Colorado Master Gardener: Fading aspen trees
For Steamboat Pilot & Today
When the weather finally warmed up this spring, my aspen trees leafed out seemingly overnight. Their new green color quickly matured into a darker green and after a brief snowstorm or two, summer arrived. But now in the height of summer, their rich color is slowly fading away. Are my trees dying?
Colorado State University Master Gardeners are available to answer questions from 10 a.m. to 1 p.m. Thursdays through the gardening season at the CSU Extension Office, 136 Sixth St. in Steamboat Springs. Contact 970-870-5241 or email@example.com with questions or to schedule a site visit.
Quaking aspen (Populus tremuloides) are native to our area, grow quickly up to 50 feet tall, and live for about 20 years. They grow best in sunshine, prefer our high elevation, and are cold hardy. The bark has medicinal value and is easily damaged by animals and human activity. The trees do not fare well in drought conditions, nor do they like too much moisture as it may lead to leaf disease.
After looking closely at some leaves, I discovered my aspens are infected with Marssonina leaf spot. The Routt County Extension office has been flooded with calls about this problem, prompting Todd Hagenbuch, Routt County extension director, to make a radio presentation on this topic. His talk is summarized below.
- Marssonina leaf spot is a fungal disease that occurs in aspen and cottonwood trees.
- The spots are dark brown flecks, often with yellow halos. In wet weather, the spots may fuse to form large dead patches on leaves.
- The fungus winters on fallen leaves that were infected the previous year. Warm, wet weather allows spores to form and travel by the wind to emerging leaves.
- Early infections are typically not serious.
- Spores from early infection may cause heavy secondary infections if the weather remains favorable, causing premature leaf loss on infected trees and impacting tree health.
- Fall colors are muted if many trees are infected.
- The disease rarely kills the tree.
- Raking up infected leaves will reduce the number of spores that cause infection the following spring but works only if you have a solitary stand and are not near other infected trees.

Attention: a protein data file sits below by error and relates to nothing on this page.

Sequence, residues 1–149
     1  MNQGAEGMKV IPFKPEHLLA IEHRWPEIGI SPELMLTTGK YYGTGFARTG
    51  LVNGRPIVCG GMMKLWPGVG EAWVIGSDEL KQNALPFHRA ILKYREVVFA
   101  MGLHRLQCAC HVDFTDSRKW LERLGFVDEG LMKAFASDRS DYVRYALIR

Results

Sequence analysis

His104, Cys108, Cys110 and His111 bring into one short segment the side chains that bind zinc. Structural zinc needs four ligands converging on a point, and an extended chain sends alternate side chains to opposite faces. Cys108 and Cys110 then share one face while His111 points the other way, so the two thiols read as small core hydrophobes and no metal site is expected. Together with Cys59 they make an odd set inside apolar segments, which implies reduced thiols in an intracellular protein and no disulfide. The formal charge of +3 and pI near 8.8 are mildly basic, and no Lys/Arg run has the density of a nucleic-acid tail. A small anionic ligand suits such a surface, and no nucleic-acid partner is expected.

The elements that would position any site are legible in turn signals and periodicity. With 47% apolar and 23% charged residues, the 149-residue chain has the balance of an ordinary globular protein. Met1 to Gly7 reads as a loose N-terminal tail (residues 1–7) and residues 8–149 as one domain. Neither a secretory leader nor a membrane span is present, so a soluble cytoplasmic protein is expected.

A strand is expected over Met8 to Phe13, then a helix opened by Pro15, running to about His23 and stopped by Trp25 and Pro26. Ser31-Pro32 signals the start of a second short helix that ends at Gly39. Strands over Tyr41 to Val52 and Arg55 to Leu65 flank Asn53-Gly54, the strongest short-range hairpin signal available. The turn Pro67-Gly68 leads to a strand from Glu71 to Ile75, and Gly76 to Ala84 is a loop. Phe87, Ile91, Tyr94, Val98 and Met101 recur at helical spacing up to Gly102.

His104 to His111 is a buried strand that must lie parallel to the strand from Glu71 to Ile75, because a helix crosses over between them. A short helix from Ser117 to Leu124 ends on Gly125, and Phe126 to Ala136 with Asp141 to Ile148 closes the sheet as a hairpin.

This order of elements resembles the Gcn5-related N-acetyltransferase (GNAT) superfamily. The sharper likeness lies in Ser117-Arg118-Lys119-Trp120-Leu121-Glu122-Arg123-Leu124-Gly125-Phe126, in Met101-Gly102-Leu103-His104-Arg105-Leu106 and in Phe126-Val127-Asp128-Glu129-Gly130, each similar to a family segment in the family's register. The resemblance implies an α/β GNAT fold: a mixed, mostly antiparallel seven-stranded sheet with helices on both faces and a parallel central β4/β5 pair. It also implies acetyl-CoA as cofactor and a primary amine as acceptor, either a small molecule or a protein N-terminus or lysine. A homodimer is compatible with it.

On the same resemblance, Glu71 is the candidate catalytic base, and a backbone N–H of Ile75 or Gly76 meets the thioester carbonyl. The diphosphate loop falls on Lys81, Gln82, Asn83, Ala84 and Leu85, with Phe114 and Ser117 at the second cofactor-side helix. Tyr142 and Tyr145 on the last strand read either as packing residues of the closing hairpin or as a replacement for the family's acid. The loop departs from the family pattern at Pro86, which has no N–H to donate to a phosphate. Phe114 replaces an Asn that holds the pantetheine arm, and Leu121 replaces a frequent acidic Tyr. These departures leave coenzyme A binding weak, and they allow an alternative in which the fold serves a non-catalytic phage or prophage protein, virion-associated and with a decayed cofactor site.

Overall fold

- Keeping leaves dry (water the garden early and carefully in the morning) minimizes spread.
- Fungicides are available to treat tree buds in the spring but are rarely recommended.
Fortunately, my leaf spot infection does not appear serious. With careful watering, a bit of raking and some help from nature, my aspens will likely make a full recovery and once again green up beautifully next spring. Read more on the “Aspen and Poplar Leaf Spot” factsheet at extension.colostate.edu/docs/pubs/garden/02920.pdf.
Vicky Barney gardens for wildlife and is a member of the Master Gardener Class of 2011.
Support Local Journalism
Support Local Journalism
Readers around Steamboat and Routt County make the Steamboat Pilot & Today’s work possible. Your financial contribution supports our efforts to deliver quality, locally relevant journalism.
Now more than ever, your support is critical to help us keep our community informed about the evolving coronavirus pandemic and the impact it is having locally. Every contribution, however large or small, will make a difference.
Each donation will be used exclusively for the development and creation of increased news coverage.
Start a dialogue, stay on topic and be civil.
If you don't follow the rules, your comment may be deleted.
User Legend: Moderator Trusted User